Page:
Have you ever taken a photo that doesn’t do a stunning scene justice? A sunset that was so much more beautiful than your underwhelming iPhone photo displayed?
I know I have had this problem. I used to get so frustrated that my photos wouldn’t turn out the way that I remember them feeling when I was shooting them.
When shooting landscapes it seems like we only have 2 choices. Either we can have the sky
look too bright (blown out highlights)…
or we can have the landscape look too dark below the horizon.
But that all changed when I finally understood a big secret in landscape photography. Let me explain…
The secret is to balance the exposure.
Great… but how do I balance an exposure? Do I have to use some cheesy HDR methods? (High Dynamic Range)
There is another way. This secret requires you to gain an understanding of a nuance in photography, rather than rely on a specific type of technology.
HOW TO BALANCE AN EXPOSURE
We need to start with understanding the way that the digital sensors record light in our cameras.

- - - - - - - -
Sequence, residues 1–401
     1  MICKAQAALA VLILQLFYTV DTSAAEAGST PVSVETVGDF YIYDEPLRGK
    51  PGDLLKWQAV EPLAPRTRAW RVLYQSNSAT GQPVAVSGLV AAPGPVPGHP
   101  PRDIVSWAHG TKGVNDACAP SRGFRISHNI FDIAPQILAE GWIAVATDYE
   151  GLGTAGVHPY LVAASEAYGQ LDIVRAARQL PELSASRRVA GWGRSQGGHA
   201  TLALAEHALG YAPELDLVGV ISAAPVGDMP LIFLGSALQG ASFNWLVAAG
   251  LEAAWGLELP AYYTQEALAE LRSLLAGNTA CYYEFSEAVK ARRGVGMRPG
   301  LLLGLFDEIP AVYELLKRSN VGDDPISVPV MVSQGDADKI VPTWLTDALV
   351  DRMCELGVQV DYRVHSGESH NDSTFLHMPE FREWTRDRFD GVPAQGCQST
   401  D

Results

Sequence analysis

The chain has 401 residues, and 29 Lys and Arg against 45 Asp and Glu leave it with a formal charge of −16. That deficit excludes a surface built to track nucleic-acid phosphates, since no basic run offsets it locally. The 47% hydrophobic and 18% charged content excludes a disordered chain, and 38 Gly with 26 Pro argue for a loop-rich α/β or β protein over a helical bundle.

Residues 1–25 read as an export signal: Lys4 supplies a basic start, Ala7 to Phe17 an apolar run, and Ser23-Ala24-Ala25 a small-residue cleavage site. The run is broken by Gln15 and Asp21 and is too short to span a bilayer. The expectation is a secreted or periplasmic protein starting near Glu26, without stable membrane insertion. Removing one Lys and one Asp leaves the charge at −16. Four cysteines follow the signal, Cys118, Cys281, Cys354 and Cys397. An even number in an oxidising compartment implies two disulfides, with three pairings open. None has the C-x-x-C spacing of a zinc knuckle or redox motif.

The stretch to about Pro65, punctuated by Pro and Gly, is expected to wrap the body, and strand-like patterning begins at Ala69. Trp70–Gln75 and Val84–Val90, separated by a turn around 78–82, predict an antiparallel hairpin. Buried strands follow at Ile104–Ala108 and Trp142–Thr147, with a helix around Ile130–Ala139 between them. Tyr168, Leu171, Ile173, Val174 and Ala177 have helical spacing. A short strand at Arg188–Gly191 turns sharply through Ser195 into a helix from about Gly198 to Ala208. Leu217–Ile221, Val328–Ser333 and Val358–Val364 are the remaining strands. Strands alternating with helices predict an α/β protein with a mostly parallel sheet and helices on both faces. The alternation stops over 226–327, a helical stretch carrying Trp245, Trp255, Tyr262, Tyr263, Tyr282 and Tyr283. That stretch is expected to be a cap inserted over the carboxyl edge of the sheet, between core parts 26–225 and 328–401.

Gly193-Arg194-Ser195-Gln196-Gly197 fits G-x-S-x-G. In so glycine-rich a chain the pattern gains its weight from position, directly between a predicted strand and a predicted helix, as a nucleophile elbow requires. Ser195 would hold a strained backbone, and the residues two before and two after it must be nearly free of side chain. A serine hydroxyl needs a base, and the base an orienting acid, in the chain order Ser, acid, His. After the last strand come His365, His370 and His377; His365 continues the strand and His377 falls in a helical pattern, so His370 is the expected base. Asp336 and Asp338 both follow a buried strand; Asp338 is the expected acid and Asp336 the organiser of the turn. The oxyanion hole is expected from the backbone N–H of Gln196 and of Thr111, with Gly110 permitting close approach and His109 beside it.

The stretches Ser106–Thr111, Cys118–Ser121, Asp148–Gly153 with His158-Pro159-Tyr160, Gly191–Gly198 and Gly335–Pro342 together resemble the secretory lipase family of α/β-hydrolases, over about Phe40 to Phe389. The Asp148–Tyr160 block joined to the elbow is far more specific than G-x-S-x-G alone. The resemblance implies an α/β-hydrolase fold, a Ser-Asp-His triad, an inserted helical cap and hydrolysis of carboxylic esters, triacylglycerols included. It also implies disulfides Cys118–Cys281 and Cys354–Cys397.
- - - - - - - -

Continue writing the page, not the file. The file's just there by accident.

When light is recorded onto a digital sensor like our mobile phones it cements in certain information in the picture. You have limitations to how you can edit the photos afterwards.
You can’t darken the part of a photo where the sky is already too bright… but you can bring up the shadows in a landscape (within reason) when it’s too dark. When the highlights in the sky go completely white in a photo… there is no bringing that information back. But when you have a slightly dark photo, you can brighten it up to a certain extent.
1. The first part of balancing an exposure is to shoot the photo slightly underexposed (Too dark).
Perhaps the sky looks perfect but the landscape beneath the horizon is too dark.
2. The second part is understanding how to “selectively” adjust the brightness/ exposure in just
the landscape beneath the horizon (or darker areas).
My favorite mobile editing app “Snapseed” has a Selective Adjust mode where you can raise the
brightness in an isolated part of the photo.
You can also resize the area the adjustment is affecting.
Selectively raise the exposure in only the areas you need that are too dark. Create Multiple adjustments if needed.
Once you apply these adjustments you’ve now brightened up the landscape below the horizon and have balanced the exposure of the entire photograph!
You can then edit the photo further with your favorite filters/ techniques. Have fun!
In my iPhone Only Photography eCourse I teach how to “edit to recreate the feelings you felt when you took the photo”. I want to encourage you to check out the course and try to do the same. Find out more about the course here: iPhoneOnlyPhoto.com